There was a young man who recently came home from his mission. I was a little bit shocked he was home. He was called to the Philippines and went to the MTC and went there and was gone for 1 week. He called his parents and said I want to come home. They gave him a pep talk and he said no I don’t want to do this I want to come home. Then the parents emotion changed…buck up and get to work. They finally just said, “I think you want us to tell you it is ok for you to come home. We will never say that. This is your choice.” He said I want to come home and he came home. This young man ever had to do anything hard. He grew up on a $400,000 home. Those things spill over onto our children.
Another young man went to BYU. He gets called to California…the wealthiest mission in the church. They haven’t had a baptism there in 8 years. This area doesn’t think they need the church. It’s very difficult for missionaries. He gets out there and his trainer sleeps in until 8:30 and then blares some popular pop artist in the morning and doesn’t do anything. They park at members homes. He ended up coming home.
“We are what we repeatedly do. Excellence then, is not an act, but a habit” Aristotle
What are you ‘excellent’ in? What are your kids excellent in? Is it Pinterest? Is it football? Is it games? Is it scouting? Is it homework? Is it service? What are we excellent in? Is it checking our phone? Is it TV watching?
I have a daughter that leaves in 19 days to go to the MTC and then to Paris. Since they changed the age…young men leave right out of high school. Can they go to the grocery store and buy food for a meal? Can they schedule their time? Can they do their own laundry? Can they sew on a button?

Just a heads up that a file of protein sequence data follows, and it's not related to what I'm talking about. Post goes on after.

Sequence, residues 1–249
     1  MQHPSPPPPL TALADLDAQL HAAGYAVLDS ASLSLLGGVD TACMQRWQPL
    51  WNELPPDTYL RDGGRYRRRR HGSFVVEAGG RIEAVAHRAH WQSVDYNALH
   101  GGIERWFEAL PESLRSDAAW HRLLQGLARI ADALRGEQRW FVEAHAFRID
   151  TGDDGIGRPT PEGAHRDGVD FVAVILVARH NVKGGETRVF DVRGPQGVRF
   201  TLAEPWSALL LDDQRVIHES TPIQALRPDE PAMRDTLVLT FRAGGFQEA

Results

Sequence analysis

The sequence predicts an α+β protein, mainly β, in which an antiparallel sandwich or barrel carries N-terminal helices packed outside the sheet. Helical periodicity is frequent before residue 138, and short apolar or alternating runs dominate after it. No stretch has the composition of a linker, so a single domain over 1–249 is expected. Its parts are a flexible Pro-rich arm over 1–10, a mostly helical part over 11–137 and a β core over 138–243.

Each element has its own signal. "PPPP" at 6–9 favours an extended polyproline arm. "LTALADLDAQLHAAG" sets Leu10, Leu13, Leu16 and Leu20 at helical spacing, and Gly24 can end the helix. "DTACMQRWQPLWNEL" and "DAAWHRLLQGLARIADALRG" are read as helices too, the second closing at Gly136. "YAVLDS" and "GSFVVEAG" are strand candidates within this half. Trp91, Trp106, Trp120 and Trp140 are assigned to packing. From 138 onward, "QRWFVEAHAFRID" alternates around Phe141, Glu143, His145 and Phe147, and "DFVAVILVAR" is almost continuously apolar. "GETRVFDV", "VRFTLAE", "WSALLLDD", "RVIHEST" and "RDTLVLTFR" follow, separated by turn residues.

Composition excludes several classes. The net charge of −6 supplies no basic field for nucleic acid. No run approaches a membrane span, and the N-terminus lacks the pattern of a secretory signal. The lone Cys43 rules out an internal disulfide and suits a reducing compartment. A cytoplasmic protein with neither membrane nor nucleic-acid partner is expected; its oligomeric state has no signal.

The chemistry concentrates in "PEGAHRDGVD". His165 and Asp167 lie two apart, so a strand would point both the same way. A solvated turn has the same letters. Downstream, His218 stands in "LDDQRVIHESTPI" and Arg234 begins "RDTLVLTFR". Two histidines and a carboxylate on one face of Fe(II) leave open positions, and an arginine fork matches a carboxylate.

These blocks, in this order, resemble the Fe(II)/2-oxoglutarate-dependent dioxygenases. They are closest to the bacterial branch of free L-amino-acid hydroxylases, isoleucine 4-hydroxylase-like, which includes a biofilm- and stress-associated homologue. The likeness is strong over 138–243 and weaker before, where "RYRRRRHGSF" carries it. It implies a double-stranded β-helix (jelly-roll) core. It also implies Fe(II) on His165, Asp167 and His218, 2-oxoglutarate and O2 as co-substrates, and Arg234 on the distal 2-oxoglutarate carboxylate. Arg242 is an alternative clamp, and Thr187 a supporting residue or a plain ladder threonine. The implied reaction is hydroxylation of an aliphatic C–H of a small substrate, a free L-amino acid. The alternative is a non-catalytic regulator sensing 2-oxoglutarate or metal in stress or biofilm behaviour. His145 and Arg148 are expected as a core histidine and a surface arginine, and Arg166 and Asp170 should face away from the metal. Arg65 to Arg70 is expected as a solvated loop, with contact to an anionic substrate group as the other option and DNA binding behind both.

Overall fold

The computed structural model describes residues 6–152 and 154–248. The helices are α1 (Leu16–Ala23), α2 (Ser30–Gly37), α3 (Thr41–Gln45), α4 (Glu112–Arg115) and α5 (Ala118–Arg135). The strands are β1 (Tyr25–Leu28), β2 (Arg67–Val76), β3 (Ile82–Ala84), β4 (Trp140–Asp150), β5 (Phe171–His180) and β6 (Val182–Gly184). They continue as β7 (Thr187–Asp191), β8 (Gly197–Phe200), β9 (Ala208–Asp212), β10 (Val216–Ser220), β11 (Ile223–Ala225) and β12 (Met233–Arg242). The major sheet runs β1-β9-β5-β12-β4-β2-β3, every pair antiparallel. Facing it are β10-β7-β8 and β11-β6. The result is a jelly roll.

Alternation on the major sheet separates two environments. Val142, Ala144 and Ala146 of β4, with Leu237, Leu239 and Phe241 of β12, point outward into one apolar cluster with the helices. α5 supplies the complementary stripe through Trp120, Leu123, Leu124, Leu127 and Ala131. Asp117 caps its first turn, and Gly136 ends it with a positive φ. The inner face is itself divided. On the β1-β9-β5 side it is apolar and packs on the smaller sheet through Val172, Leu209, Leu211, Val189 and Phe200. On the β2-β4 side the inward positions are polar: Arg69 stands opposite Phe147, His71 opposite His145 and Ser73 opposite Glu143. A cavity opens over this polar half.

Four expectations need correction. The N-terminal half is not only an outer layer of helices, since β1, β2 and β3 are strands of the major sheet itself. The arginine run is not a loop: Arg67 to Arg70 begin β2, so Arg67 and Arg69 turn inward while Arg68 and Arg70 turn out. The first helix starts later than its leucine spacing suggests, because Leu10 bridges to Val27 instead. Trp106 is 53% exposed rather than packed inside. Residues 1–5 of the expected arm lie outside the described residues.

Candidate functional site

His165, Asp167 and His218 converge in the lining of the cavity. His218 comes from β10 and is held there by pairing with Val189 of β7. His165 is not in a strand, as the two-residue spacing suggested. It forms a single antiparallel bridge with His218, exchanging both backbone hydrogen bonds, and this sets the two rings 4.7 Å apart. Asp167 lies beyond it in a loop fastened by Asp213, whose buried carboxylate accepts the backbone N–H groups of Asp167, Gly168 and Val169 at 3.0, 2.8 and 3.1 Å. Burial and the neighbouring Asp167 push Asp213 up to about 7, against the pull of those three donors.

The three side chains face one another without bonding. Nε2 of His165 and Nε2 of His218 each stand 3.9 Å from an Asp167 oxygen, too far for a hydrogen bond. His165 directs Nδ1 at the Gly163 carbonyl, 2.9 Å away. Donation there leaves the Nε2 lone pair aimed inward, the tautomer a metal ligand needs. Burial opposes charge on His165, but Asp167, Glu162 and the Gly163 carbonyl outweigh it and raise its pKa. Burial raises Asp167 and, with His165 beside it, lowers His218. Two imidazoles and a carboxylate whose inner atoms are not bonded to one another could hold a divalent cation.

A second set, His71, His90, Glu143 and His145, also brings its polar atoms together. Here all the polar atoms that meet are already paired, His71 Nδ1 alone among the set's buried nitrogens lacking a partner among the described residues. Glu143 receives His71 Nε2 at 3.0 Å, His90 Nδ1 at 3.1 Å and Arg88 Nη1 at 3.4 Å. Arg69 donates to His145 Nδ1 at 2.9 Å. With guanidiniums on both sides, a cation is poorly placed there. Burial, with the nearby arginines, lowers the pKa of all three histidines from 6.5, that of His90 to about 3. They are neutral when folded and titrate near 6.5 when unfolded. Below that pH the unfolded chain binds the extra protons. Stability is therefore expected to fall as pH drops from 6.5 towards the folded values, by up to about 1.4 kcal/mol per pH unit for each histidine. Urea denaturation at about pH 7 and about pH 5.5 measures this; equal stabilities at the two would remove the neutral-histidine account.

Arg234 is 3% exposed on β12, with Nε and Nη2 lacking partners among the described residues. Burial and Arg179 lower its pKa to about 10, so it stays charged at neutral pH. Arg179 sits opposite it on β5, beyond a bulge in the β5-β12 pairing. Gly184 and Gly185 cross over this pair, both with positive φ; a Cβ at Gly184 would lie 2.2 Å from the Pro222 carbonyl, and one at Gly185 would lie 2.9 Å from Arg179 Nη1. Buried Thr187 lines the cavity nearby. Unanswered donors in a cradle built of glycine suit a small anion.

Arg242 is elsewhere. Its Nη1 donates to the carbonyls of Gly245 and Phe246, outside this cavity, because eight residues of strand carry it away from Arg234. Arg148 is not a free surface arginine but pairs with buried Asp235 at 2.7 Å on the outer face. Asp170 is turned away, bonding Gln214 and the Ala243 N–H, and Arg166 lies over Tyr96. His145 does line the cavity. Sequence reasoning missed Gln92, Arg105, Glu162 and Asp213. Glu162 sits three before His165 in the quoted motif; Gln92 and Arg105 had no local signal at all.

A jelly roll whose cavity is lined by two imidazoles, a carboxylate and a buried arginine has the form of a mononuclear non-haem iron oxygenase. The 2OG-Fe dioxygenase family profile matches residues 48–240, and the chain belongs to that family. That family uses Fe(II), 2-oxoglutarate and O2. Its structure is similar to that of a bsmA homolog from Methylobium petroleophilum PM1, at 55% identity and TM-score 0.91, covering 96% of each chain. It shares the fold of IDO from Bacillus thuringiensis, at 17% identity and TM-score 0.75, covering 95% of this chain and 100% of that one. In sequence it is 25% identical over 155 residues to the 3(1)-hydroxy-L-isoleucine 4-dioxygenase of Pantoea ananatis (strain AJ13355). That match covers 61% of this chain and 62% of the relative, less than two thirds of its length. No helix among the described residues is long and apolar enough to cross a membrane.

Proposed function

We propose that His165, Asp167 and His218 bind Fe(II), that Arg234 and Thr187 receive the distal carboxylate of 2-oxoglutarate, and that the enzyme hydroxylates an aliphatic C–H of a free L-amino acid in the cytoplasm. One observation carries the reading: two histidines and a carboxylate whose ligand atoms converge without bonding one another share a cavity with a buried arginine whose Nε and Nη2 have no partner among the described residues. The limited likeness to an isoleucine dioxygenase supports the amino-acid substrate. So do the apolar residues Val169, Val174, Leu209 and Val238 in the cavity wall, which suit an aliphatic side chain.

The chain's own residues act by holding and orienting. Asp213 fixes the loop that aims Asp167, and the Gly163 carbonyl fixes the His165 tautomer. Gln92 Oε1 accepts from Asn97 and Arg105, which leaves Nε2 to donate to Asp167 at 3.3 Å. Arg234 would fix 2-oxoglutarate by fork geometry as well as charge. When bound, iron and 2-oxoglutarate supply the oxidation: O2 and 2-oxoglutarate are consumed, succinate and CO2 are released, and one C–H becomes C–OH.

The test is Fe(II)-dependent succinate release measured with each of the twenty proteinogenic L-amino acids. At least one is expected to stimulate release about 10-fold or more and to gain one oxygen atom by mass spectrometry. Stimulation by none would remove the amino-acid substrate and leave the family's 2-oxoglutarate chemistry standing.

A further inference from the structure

My husband grew up on a single home where he had to work and then gave the money to his Mom. My daughter works 4 jobs here and there wherever she can get. She feels like her Dad still disapproves. “Mallory…somehow we will be able to pay for your mission. When you go on a mission you will be working 16 hour days every single day.” We think about work and the money that is attached to work.
We go to school, come home, and then what do we do?
The principle behind work. Work is an eternal principle. It was one of the first that was given to Adam and Eve. The Lord worked to create the earth.
Genesis 2:15…created earth and man. Then rested on the 7th day. God worked. He didn’t just watch. Before they even do anything wrong. He gives them this principle of work. ‘Take care of the garden.’ Work is something we do. It is not a punishment. Life is hard. We are here to work. After they partook of the fruit.
Genesis 3:17-19….ate of the tree, cursed is the ground for thy sake.